Loyola study challenges common practice
MAYWOOD, Ill. -- A routine but expensive test for women who undergo stress incontinence surgery may not always be necessary, according to a study published in the latest issue of The New England Journal of Medicine. This test, known as urodynamics, determines how the bladder stores and releases urine. The study found that women who underwent a doctor’s evaluation and urodynamics versus a doctor’s evaluation alone did not have better outcomes after stress incontinence surgery.
“Urodynamic tests are commonly performed in women before stress incontinence surgery despite their high cost and a lack of evidence that the test improves outcomes for patients,” said Linda Brubaker, MD, MS, study co-author, division of Female Pelvic Medicine and Reconstructive Surgery, Loyola University Health System (LUHS). “This study provides the first good indication that this test is not necessary for many of these patients."
The study evaluated 630 women with stress incontinence at 11 centers across the country. Half of the study participants underwent an office evaluation plus urodynamics and the other half underwent an office evaluation alone before surgery. Treatment success was determined using a 20-item, patient-reported tool that assesses presence and degree of urinary incontinence, urgency, frequency and difficulty urinating. The proportion of women who achieved treatment success after one year was 76.6 percent versus 77.2 percent, respectively. There also were no significant differences between groups in urinary incontinence severity, quality of life, patient satisfaction or other side effects.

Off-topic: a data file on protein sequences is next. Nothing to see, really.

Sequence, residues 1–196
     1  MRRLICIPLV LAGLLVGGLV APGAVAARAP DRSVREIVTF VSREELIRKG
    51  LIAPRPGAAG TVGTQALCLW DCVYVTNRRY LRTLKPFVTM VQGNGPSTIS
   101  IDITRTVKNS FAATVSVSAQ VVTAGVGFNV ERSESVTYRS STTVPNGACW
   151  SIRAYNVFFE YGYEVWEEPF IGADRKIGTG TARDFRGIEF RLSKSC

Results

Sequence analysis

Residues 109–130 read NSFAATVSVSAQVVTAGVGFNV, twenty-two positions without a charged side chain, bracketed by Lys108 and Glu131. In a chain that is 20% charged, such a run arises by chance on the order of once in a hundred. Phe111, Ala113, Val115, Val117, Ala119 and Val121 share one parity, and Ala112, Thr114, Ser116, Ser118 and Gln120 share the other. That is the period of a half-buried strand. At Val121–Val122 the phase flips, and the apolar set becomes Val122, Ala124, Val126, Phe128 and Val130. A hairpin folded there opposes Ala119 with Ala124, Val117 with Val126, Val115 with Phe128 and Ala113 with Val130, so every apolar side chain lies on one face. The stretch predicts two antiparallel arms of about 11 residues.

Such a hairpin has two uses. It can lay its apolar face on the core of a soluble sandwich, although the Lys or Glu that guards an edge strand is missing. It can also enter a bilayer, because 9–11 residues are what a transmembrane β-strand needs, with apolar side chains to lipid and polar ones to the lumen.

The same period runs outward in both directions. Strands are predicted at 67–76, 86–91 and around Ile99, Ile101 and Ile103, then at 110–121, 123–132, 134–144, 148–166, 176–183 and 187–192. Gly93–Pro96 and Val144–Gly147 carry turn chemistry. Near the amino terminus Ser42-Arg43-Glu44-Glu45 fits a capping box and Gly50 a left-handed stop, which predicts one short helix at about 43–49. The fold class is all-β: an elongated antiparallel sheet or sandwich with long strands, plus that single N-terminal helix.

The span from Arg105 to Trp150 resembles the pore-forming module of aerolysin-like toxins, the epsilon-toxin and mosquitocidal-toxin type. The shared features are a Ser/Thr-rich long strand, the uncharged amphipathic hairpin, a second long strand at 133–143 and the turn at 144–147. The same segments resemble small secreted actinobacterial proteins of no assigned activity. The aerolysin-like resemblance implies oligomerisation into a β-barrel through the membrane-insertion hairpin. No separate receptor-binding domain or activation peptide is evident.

Stress incontinence surgery corrects urine leakage from physical activity, such as laughing, coughing, sneezing or exercise. Approximately 260,000 women underwent this surgery in 2010. Urodynamic studies were performed in many of these patients. In addition to the cost and the lack of evidence to support use of this test, urodynamics also causes discomfort and an increased risk of urinary-tract infections in women.
“These results have the potential to positively influence care and minimize testing-associated problems,” said Dr. Brubaker, who also is dean of Loyola University Chicago Stritch School of Medicine. “These findings also represent a significant cost savings for patients and the health-care system.”